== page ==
A Samaritan woman went to get some water. Jesus said to her, “Give me a drink of water.” (His disciples had gone into the city to buy some food.) The Samaritan woman asked him, “How can a Jewish man like you ask a Samaritan woman like me for a drink of water?” (Jews, of course, don’t associate with Samaritans.)

Jesus replied to her, “If you only knew what God’s gift is and who is asking you for a drink, you would have asked him for a drink. He would have given you living water.” [vss 7-10]

The woman said to him, “Sir, you don’t have anything to use to get water, and the well is deep. So where are you going to get this living water? You’re not more important than our ancestor Jacob, are you? He gave us this well. He and his sons and his animals drank water from it.”

Jesus answered her, “Everyone who drinks this water will become thirsty again. But those who drink the water that I will give them will never become thirsty again. In fact, the water I will give them will become in them a spring that gushes up to eternal life.” [vss 11-14]

(John 4:1-14 GW)

Key phrase—

The water I will give them will become in them a spring that gushes up to eternal life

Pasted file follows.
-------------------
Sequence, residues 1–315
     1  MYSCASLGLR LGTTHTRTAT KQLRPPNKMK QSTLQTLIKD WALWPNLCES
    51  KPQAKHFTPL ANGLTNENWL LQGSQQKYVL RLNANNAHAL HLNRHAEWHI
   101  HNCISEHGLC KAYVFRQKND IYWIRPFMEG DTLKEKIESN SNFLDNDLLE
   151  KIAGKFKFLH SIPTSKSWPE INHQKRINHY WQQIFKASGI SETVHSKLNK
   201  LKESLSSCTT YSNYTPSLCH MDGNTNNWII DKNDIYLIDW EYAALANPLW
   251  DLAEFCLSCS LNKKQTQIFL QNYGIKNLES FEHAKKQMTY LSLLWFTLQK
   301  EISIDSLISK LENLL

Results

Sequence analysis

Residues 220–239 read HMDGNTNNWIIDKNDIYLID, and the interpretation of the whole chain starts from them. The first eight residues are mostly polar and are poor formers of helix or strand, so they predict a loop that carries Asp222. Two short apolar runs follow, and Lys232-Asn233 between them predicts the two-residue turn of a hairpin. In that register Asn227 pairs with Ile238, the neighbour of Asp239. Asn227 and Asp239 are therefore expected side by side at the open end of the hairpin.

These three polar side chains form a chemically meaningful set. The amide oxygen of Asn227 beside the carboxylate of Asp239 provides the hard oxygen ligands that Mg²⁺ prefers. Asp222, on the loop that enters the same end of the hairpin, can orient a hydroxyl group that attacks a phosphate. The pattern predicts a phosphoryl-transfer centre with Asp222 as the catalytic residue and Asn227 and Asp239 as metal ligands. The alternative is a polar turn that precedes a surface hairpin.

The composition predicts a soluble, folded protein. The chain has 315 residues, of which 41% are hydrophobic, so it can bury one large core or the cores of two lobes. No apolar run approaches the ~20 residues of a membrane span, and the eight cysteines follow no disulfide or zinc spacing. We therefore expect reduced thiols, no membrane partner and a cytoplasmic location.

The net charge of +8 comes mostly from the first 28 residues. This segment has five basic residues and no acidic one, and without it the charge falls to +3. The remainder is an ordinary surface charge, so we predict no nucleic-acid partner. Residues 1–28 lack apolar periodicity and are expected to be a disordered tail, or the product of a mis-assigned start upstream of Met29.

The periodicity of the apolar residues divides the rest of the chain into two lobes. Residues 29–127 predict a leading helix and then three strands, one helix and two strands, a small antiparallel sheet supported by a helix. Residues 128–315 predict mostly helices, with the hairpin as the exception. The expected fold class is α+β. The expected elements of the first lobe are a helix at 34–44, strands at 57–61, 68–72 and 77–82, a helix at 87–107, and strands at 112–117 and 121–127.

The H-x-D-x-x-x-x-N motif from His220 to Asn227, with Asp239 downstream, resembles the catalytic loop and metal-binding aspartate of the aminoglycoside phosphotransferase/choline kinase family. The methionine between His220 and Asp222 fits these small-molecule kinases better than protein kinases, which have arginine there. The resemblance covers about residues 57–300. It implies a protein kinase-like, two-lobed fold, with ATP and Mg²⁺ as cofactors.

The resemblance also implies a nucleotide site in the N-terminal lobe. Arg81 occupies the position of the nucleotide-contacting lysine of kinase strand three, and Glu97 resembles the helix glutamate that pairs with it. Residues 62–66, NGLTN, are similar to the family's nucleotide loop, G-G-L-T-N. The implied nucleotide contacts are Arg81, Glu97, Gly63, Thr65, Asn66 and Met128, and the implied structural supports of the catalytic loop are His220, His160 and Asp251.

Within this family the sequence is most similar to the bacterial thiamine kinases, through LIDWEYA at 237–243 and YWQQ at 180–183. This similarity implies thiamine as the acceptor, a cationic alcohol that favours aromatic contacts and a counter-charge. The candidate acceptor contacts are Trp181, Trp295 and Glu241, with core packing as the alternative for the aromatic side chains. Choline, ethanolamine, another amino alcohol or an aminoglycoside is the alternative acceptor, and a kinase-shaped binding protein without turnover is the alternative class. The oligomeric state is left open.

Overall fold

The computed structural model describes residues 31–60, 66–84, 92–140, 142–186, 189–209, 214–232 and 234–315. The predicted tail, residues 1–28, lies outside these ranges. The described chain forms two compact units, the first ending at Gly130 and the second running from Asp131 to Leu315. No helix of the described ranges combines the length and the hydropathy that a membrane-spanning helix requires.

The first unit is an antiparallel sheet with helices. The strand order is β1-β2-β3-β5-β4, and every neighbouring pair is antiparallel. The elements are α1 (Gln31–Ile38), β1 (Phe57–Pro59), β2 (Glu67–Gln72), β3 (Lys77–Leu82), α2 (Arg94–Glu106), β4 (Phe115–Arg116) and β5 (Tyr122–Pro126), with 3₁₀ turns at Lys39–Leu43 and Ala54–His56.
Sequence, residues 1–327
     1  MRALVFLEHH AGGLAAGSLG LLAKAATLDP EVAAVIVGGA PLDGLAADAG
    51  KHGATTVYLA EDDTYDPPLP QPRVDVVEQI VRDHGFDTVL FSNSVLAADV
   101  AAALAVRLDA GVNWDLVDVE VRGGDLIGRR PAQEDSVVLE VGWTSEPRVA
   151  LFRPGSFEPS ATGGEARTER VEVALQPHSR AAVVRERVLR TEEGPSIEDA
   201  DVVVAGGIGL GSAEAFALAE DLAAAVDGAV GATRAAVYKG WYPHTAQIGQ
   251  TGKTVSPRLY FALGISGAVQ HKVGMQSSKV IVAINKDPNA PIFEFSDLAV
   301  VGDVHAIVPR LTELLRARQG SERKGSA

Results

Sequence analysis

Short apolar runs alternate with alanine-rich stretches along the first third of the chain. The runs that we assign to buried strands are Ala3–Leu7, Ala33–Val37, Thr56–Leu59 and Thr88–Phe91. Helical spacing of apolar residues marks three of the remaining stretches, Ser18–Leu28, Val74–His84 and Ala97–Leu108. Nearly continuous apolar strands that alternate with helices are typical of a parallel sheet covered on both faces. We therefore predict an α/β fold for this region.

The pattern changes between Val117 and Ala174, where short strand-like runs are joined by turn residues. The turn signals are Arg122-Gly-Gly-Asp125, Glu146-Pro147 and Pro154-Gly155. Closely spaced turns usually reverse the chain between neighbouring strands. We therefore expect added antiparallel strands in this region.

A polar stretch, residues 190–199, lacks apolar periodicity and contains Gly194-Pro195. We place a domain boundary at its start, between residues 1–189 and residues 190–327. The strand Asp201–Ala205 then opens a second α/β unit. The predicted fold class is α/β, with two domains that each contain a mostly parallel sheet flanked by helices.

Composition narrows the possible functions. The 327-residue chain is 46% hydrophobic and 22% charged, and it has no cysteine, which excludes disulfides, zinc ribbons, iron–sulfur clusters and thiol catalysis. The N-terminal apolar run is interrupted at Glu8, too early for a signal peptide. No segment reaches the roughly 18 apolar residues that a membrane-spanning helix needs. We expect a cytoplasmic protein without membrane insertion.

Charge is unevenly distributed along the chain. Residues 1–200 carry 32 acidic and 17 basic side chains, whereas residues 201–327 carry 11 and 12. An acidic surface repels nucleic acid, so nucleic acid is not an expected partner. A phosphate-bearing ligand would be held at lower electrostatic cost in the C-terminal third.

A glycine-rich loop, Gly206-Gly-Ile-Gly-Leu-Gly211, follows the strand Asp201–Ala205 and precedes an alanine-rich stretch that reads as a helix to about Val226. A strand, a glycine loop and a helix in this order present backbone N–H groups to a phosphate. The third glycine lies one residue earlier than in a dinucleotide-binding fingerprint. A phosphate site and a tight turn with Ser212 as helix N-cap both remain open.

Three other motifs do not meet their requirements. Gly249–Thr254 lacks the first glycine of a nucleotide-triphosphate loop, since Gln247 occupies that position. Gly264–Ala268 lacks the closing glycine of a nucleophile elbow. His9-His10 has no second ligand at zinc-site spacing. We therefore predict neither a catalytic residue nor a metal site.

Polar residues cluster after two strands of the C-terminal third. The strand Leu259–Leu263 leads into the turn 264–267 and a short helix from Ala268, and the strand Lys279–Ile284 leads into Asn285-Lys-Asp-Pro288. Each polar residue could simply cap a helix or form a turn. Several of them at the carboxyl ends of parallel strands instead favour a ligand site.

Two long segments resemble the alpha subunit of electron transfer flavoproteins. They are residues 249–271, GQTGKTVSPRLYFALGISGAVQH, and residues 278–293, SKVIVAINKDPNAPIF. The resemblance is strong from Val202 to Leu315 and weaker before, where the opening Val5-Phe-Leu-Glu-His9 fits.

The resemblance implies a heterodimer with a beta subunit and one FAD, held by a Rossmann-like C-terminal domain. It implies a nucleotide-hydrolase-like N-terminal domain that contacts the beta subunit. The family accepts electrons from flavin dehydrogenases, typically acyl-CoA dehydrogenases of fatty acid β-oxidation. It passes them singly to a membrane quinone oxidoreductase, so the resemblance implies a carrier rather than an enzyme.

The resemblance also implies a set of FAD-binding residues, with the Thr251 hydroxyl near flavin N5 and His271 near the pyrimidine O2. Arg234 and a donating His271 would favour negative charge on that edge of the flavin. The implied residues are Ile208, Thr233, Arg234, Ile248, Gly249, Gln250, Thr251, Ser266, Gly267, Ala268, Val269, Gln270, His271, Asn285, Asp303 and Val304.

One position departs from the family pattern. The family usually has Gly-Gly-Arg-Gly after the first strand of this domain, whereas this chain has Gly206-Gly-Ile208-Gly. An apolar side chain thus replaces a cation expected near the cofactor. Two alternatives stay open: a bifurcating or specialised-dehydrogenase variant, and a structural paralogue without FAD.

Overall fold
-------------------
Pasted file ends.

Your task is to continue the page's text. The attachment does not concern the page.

Digging Deeper...

Review the Scriptures above as you answer the following questions

  • What are the specific details we're told about the situation in this story?

  • What seems to be the turning point in the conversation between Jesus and the woman?

  • How does the woman respond to the statements Jesus makes?

  • What kind of water does Jesus offer and what do you think He means by this?

Reflection...

Jacob's Well was hundreds of years old even in the time of Jesus and was quite deep. The region of Samaria was disputed land then as it is now. This is evident in the story by the woman's contentious responses to Jesus.

But Jesus immediately flips the conversation by telling her she should be asking Him for a drink of living water.

The woman doesn't back down. As Jesus so often did, He turns what seems like a typical conversation into an opportunity to reveal spiritual truth.

He offers her living water—water that continues to flow like an artesian spring—giving eternal life. This conversation and the story continue, but we'll stop here to consider how Jesus turns a contentious situation into an opportunity to share spiritual truth.